I love social media, and the potential that it has for us, both on the personal and business levels. Just yesterday I was extolling the power of social media in my post, while the day before I was scratching my head at how some can use social media in a nasty way.
And now today I seem to be back to the bad side of things.
This week, CVS Pharmacies took to their Facebook page to announce that they were getting out of the tobacco business. As it turns out, cigarettes and other tobacco products account for more than $2-billion of the company’s annual revenue. While that’s only about 1.6% of their total revenue, that is still a lot of money, and it’s a very bold move to make, and I applaud them for it.
Now I don’t know the true motivation behind this move, so I’ll go with what they say: that they are health care company that wants to take a greater stand for promoting good health. To me, this is not only a step in the right direction, but I hope that it’s part of an overall shift in their cultural mindset and business model. Sure, they might have ulterior motives, but still a good move. Right?
And this will make most everyone, with the exception of smokers, happy. Right?
Well, I thought so. And sure enough, their Facebook page started filling up with people praising them for this effort, and their update got a lot of shares. And, not surprisingly, there were a number of smokers who said they’d be moving their prescriptions to other pharmacies. No big deal.
But within 5 minutes of posting about this initiative, the trolls went to work. People not just criticizing, but downright attacking CVS because apparently this wasn’t enough. After all, they still sold potato chips, cookies, and other junk food that causes health problems. And soda! And unhealthy makeup! And apparently they are pushing all sorts of nasty pills. And there were a lot of these attacks, as if people had a bone to pick with CVS and had been rehearsing these complaints for months, just waiting for the company to announce something like this so they could put them in their place.
I gave up reading after awhile, amazed that people could take something good, and in a very mean spirited way, turn it into something bad. And there were dozens of these types of comments, perhaps hundreds, with people trying to shout the company down.
To their credit, CVS seemed prepared and did a great job of responding to the criticisms in a very pleasant, informed, and even handed way. Clearly they were ready for this and knew what to say, even though most of these folks wouldn’t be satisfied with anything.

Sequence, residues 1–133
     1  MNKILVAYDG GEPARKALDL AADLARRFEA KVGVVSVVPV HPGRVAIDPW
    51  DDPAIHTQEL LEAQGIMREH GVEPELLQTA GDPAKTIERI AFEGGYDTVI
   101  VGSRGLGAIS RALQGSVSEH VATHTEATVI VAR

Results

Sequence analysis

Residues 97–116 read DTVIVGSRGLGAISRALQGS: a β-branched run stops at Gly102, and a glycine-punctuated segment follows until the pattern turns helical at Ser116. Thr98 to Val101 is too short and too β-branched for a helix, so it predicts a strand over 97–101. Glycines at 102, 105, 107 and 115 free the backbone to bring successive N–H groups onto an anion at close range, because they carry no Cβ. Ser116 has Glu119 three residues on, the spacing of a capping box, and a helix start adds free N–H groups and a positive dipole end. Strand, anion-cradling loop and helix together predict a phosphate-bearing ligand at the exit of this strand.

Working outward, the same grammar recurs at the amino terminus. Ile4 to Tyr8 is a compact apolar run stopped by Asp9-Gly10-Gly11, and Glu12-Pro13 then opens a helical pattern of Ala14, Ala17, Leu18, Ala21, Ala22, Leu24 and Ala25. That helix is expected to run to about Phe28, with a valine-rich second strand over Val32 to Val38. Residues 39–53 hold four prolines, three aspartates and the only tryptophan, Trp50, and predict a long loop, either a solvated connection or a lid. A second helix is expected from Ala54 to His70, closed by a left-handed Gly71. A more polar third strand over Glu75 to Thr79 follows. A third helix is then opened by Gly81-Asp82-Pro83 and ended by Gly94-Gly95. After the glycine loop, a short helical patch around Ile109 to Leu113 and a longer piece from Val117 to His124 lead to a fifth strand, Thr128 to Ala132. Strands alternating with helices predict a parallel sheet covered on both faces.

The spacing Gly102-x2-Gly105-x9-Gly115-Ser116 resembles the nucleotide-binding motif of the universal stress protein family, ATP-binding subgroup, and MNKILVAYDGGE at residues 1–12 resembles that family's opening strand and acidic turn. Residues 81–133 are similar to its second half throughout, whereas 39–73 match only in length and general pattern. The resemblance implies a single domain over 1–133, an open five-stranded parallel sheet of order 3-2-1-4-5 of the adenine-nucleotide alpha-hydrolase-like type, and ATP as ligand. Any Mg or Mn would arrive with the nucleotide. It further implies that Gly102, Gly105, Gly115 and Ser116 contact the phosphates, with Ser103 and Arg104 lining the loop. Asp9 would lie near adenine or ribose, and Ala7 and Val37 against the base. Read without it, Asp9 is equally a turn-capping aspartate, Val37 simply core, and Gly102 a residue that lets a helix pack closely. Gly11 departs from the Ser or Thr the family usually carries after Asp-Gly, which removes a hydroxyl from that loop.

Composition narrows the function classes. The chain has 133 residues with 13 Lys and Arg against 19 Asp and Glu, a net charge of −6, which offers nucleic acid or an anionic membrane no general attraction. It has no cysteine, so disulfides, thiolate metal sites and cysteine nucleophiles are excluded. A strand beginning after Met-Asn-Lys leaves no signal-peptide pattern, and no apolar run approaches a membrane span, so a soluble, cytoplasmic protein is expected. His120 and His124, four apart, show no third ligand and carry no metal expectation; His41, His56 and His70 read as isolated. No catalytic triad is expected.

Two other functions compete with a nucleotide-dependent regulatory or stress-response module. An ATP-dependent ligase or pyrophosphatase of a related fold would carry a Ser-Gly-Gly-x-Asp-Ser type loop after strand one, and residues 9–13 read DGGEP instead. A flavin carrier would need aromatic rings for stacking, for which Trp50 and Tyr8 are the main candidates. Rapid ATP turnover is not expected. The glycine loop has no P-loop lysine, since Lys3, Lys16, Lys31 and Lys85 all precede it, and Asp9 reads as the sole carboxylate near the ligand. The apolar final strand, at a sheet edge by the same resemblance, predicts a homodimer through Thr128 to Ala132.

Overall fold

The truth is, the trolls will always be here. No matter how hard you try, no matter how wonderful you are, no matter what good things you may try to do, there will always be someone to tear you down. There will always be someone for whom your actions aren’t good enough.
The trolls will always be with us. Our job is to recognize them, respond to them (when appropriate) and to do so kindly. And then, perhaps, we just walk away. Trying to reason with trolls won’t work. Shouting back will only get you in trouble.
Kudos to CVS, not only for their new stance on tobacco, but for handling the negative comments (as far as I can tell) with grace and poise. I see this as a start of something new and exciting and expect more changes down the line. Remember, CVS is a major corporation, the 40th largest in the world. Change doesn’t come easy to any business, let alone one that large. We should never expect that they would make major changes rapidly, and they shouldn’t be expected to bow to the whims and demands of every special interest group at the drop of a hat.
So keep an eye out for the trolls and understand they will always be with us. They’ll show up when you least expect it and give you a hard time. This goes for both businesses and nonprofits, large or small.
My challenge to you is to think before you post or comment. Don’t be one of the trolls. If you feel the need to post something negative, think long and hard. Are you being combative? Even if you think you have a valid point, does the recipient deserve your comment? Is there perhaps a nicer way to make your statement and get your point across?
Stop and think about how your comment would sound to you, if someone who disagreed with you were to make a similar statement in the same way. Would you be bothered, or perhaps think they were being boorish or a jerk?
Just something to think about.
Now go on over to the CVS page on Facebook and let them know you appreciate the changes they are starting to make.